This links to a broader government argument that the analysis does not recognise the benefits of spending reductions in creating “sound public finances” and economic security (as made by then-Chancellor George Osborne back in 2015). But assessing the wider systemic impact of spending reductions is beyond the scope of this piece.
Further evidence supports the House of Commons Library’s findings
Focusing just on the direct financial impact of spending reductions, there is more evidence to suggest that women have been more negatively affected than men in terms of income.
In November last year, the Equality and Human Rights Commission (EHRC) released a report on the “impact of tax and welfare reforms between 2010-17”. It looks at the financial impact of government policies since 2010 on a specific set of areas, including income tax, benefits, tax credits, and Universal Credit. It doesn’t exactly match with the House of Commons Library’s method, but takes a broadly similar approach.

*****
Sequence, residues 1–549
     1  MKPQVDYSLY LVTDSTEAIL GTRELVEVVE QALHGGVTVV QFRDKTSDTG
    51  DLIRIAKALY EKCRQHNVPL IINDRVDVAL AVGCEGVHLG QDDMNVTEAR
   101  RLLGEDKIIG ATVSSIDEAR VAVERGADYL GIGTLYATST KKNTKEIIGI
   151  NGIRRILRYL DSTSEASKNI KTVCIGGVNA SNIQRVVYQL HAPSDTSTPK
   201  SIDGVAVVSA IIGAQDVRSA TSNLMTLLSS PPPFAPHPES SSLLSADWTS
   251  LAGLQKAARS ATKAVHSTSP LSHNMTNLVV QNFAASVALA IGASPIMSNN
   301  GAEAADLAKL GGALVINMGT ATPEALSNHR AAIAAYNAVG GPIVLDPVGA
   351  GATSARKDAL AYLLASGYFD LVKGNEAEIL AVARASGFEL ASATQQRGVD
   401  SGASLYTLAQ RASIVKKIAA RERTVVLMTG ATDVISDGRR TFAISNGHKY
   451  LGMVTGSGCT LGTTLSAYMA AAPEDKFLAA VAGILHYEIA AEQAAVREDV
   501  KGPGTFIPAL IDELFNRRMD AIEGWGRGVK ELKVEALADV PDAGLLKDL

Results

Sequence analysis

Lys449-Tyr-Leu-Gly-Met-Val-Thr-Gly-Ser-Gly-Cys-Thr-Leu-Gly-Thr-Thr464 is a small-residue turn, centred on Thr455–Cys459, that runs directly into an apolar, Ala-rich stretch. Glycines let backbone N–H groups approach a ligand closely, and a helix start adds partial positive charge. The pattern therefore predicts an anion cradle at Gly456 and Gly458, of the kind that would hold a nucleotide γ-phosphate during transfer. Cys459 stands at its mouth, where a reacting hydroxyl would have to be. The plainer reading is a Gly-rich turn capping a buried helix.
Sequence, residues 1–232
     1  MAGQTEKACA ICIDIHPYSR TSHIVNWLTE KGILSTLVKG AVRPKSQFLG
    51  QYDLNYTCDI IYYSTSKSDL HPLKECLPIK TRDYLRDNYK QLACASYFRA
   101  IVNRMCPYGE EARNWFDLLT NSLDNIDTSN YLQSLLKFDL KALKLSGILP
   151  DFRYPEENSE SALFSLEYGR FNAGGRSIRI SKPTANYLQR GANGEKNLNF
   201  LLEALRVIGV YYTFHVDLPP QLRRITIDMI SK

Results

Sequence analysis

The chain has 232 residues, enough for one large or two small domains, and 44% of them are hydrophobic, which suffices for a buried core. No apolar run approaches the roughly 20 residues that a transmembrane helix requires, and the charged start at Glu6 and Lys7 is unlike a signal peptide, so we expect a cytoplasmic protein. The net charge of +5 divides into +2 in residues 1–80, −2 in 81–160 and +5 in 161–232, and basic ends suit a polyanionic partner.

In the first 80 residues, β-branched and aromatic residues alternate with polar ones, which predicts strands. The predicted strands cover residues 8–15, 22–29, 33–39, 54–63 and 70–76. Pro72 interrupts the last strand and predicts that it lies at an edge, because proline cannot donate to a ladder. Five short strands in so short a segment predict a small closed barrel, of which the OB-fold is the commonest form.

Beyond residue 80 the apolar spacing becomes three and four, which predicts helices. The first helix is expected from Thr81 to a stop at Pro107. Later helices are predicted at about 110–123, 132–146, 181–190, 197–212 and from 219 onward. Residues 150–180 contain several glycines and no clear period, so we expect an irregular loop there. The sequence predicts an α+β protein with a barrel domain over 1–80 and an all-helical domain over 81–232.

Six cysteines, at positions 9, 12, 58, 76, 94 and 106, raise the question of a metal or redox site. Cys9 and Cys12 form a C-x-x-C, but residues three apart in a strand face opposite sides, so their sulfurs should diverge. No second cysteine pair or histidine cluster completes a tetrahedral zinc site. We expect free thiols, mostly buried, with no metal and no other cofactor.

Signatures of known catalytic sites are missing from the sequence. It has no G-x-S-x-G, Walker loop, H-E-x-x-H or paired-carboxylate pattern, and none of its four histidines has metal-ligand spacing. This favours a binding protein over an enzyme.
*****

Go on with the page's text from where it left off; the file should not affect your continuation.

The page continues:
The EHRC report found that “Women lose more than men from reforms at every income level. Overall, women lose around £940 per year on average, more than double the losses of around £460 for men”.
The EHRC also shows that the relative impact on men and women varies according to income level. By dividing the country into ten income “deciles” (with 1 being the lowest 10% of earners, and 10 being the highest-earning 10%), the smallest difference in impact is among the lowest 10% of earners (an average loss of just over £800 per year for men and around £1,000 for women).